Dr. James B. Edson is a Senior Scientist at the Woods Hole Oceanographic Institution. Previously, he was a Professor and Head of the Department of Marine Science at the University of Connecticut. He received a B.S. in Physics from Dickinson College in 1984 and a Ph.D. in Meteorology from The Pennsylvania State University in 1989. Dr. Edson is a marine meteorologist conducting interdisciplinary research that investigates how the atmosphere and ocean interact (i.e., air-sea interactions). His specific research interests lie in boundary layer meteorology with a focus on the turbulent exchange (or flux) of momentum, heat, and mass (e.g., moisture and sea-spray) to and from the ocean surface. He is particularly interested in how waves affect the transfer of momentum and heat across the air-sea interface. He is perhaps best known for his ability to make difficult measurements at sea. This includes systems capable of directly measuring these fluxes from moving platforms that include ships, buoys, catamarans, and the R/P FLIP. He has also been actively involved in the development of new ocean observing systems such as the Martha’s Vineyard Coastal Observatory (MVCO), its Air-Sea Interaction Tower (ASIT), and flux packages for the Ocean Observing Initiative (OOI). These investigations have led to the development of new measurement techniques, instrumentation, motion correction algorithms, flux parameterizations, drag and transfer coefficients, and models of evaporating sea-spray. Over longer time scales, he is involved with research aimed at improving the predictive capabilities of climate models by measuring and parameterizing the exchange of climatically important gases (e.g., CO2 and DMS) across the air-sea interface.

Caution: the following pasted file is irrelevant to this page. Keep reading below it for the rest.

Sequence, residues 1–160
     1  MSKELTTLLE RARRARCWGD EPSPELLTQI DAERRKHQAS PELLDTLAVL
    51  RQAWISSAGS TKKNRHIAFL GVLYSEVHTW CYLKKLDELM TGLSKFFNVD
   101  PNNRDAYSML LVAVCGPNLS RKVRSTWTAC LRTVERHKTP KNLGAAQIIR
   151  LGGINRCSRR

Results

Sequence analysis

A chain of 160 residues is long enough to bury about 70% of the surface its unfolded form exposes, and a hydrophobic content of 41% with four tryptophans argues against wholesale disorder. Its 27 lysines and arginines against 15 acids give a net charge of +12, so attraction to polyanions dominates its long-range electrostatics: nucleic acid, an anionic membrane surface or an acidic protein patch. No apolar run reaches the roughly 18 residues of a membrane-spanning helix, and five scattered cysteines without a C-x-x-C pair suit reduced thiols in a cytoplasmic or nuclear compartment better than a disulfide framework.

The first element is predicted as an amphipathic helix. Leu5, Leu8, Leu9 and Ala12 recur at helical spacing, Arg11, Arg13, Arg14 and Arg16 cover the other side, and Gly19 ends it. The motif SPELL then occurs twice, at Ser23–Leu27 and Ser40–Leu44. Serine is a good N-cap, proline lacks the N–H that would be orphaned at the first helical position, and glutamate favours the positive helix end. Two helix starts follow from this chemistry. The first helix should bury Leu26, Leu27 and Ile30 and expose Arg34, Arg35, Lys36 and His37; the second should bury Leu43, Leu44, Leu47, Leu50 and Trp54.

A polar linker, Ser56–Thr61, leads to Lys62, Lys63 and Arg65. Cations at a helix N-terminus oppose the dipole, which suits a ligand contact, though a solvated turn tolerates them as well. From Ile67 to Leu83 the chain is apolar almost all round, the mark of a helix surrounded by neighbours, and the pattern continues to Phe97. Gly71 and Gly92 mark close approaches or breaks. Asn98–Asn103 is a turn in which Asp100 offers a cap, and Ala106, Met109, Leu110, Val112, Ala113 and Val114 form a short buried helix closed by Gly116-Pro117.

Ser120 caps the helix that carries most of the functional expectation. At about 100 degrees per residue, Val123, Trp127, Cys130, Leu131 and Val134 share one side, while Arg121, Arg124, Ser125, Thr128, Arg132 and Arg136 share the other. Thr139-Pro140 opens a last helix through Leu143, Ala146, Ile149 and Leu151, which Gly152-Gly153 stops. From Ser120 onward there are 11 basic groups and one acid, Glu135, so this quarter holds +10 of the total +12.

Dr. Patrick Heimbach is Associate Professor at The University of Texas at Austin and fellow of the W.A. “Tex” Moncrief, Jr., Chair III in Simulation-Based Engineering and Sciences. He is also visiting Associate Professor at the Massachusetts Institute of Technology. His research focuses on understanding the general circulation of the ocean and its role in the global climate system. As part of the Estimating the Circulation and Climate of the Ocean (ECCO) consortium that originated under the National Oceanographic Partnership Program (NOPP), he and his group are applying formal inverse modeling techniques for the purpose of fitting a state-of-the-art general circulation model with much of the available satellite and in situ observations to produce a best possible estimate of the time-evolving three-dimensional state over the past few decades of the global ocean and sea ice cover. ECCO products support global and regional ocean circulation and climate variability research on time scales of days to decades. Emerging research foci are understanding the dynamics of global and regional sea level change, the ocean’s role in Earth’s energy imbalance, the provision of formal uncertainties along with these estimates, and implications for improving the global ocean observing system for climate. Dr. Heimbach is also getting involved in investigating the polar ice sheets, their dynamics, their interaction with the ocean, and their contributions to sea level rise. Dr. Heimbach is a member of the National
Academies’ Ocean Studies Board and the National Academies’ Committee on Sustaining Ocean Observations to Understand Future Changes in Earth’s Climate. He earned his Ph.D. in 1998 from the Max Planck Institute for Meteorology and the University of Hamburg, Germany.